- Wendy Ward
NRCS Practices: Log Cribs for Streambank Erosion
Bank erosion, or the removal of soil, rocks, and vegetation by the force of moving water, is a natural part of river dynamics. Over the course of its life, rivers meander across the landscape, removing soil in some places and depositing it further downstream. The intensity and direction of this change is dictated not only by precipitation but by the surrounding landscape, geology, soils, and vegetation.
A streambank covered by trees and shrubs has a slower erosion rate than a bank with little or no woody plants, as the roots protect and anchor the soil. This means that streambanks without trees and shrubs are at a greater risk of erosion. Excessive erosion may be result of human interference with the natural river course and/or the use of the land next to the river. Structures or rubble deposited in the stream or on the bank can cause eddy currents, sending the water in a circular pattern that can cause severe erosion if the bank is not protected.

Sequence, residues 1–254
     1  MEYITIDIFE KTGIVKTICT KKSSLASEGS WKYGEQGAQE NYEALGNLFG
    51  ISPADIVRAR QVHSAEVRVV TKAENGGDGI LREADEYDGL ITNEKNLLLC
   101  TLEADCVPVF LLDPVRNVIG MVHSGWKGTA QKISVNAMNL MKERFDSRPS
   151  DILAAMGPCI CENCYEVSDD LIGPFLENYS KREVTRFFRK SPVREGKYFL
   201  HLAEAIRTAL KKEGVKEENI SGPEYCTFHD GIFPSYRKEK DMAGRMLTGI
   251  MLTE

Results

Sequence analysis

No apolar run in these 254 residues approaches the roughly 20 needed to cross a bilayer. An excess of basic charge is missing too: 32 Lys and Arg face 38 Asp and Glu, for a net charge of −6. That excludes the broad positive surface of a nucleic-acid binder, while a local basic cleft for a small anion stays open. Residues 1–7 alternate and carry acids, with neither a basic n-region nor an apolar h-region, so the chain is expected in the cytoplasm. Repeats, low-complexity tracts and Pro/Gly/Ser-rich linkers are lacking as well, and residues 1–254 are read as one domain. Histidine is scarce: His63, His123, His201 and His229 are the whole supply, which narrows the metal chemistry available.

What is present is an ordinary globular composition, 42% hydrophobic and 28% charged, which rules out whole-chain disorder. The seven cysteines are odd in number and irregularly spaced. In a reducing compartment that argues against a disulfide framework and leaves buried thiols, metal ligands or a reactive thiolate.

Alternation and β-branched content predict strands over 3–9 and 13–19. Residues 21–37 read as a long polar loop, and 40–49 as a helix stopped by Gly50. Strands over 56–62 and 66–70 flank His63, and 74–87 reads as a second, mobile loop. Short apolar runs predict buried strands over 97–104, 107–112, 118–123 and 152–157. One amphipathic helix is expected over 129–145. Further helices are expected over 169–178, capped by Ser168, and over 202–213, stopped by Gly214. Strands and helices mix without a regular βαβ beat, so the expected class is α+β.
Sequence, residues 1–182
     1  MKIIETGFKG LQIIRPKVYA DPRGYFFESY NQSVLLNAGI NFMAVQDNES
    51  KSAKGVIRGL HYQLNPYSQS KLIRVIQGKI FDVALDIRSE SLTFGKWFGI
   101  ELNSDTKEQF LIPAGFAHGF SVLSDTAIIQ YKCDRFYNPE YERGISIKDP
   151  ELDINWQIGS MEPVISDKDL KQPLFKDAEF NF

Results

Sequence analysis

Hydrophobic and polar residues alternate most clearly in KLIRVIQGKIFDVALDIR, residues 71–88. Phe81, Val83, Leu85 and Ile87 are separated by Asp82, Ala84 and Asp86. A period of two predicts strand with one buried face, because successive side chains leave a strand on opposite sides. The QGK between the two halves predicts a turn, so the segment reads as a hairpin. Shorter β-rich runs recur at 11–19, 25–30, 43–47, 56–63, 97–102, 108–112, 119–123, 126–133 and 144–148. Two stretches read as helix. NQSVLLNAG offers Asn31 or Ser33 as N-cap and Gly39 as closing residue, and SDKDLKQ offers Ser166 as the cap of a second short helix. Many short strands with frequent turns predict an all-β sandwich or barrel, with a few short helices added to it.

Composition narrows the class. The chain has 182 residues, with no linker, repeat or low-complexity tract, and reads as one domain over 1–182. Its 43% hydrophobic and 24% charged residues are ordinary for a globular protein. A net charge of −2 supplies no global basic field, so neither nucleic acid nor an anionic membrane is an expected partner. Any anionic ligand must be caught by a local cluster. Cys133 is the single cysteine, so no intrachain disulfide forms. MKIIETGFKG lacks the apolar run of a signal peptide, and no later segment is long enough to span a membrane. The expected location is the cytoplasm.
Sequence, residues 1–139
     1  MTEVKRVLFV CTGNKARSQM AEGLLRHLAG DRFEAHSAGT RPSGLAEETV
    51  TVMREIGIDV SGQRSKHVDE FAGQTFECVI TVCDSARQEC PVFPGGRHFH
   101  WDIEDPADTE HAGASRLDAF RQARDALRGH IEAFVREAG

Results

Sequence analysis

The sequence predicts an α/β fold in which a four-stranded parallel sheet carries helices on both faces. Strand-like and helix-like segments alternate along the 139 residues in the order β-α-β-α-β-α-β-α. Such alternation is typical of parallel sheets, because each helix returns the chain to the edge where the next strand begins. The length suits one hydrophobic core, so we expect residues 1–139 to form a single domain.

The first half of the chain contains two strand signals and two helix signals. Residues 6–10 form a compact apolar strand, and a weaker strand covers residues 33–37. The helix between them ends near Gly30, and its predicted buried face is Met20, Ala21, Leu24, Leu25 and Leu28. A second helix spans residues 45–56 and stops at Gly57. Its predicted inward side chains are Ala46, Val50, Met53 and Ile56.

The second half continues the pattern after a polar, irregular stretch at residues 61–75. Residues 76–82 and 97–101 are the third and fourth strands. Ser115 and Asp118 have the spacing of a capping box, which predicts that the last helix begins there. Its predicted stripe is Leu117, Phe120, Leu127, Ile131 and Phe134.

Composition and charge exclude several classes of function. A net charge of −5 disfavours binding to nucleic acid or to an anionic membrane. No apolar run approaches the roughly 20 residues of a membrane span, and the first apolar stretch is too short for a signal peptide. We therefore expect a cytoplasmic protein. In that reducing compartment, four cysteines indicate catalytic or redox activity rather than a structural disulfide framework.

NRCS installed several streambank stabilization systems across New Hampshire in efforts to reduce bank erosion. The chosen log crib-style system is constructed with boulders, large logs, and tree root wads. The logs are anchored into the bank and the wood is laid in alternating patterns, creating a cabin or crib-like structure. This method uses natural materials to slow the flow along the bank, reduces erosion and provides habitat for fish and other wildlife in the stream. The cribs and plants trap sediment and allow new trees and shrubs to establish on the bank. Live shrubs and trees are planted near the top of the bank to further anchor soil.